Her vow of poverty has not prevented Nash from mastering the subtleties of securities regulations

Nash and her deputy, Tom McCaney, average about 90 actions – company dialogues or shareholder resolutions – per year.

“I dialogue with Lockheed Martin, Northrop Grumman and Boeing,” said Nash. “With the tobacco people. We do a lot of work in the oil and gas industry, because of the fracking and pipelines. Tom does all the health work, healthier food. I do climate change and of course a lot with banks. We are spread in a lot of areas.”

In an age when corporations are first in line for tax cuts but seemingly unaccountable when an economy sinks or an election tilts, Nash has sought leverage by joining the one group that big companies still have to listen to: shareholders.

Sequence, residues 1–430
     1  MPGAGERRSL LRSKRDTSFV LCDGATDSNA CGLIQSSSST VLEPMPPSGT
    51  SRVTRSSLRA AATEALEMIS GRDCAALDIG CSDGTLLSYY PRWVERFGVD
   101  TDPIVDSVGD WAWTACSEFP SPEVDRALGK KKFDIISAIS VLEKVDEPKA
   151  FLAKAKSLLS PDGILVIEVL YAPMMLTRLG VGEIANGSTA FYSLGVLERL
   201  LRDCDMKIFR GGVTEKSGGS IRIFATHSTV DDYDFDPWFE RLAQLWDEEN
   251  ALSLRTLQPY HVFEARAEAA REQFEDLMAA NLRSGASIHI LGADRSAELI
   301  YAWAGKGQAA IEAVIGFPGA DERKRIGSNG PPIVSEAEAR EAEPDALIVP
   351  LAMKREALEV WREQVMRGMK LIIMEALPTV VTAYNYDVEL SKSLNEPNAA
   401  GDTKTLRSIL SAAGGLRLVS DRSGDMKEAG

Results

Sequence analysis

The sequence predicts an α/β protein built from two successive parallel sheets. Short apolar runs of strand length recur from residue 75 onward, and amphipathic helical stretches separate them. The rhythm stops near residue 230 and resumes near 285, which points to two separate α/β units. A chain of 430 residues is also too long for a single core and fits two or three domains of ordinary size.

Owning shares gives Nash an audience where her message might otherwise be unwelcome: shareholders can confront executives at annual meetings. They can form voting blocs to demand transparency. And they can draw corporate leaders into dialogues that sometimes lead to change.

“We own corporations in every sector,” said Nash, who welcomed the Guardian recently to the imposing stone convent where she did her novitiate almost six decades before. The building’s grand dome overshadows a cemetery where Mother Francis, the German immigrant who founded the order in 1855, is buried.

Mother Francis started the order to serve the poor, a mission that continues. But Sister Nora’s piece of the ministry has a thoroughly modern twist.

Nash and McCaney have engaged with the biggest US banks and airlines; with retailers such as Walmart, Target and Sears; with gun makers such as Sturm, Ruger and American Outdoor Brands (formerly Smith & Wesson); and with pharmaceutical companies from Pfizer to Merck to Johnson & Johnson.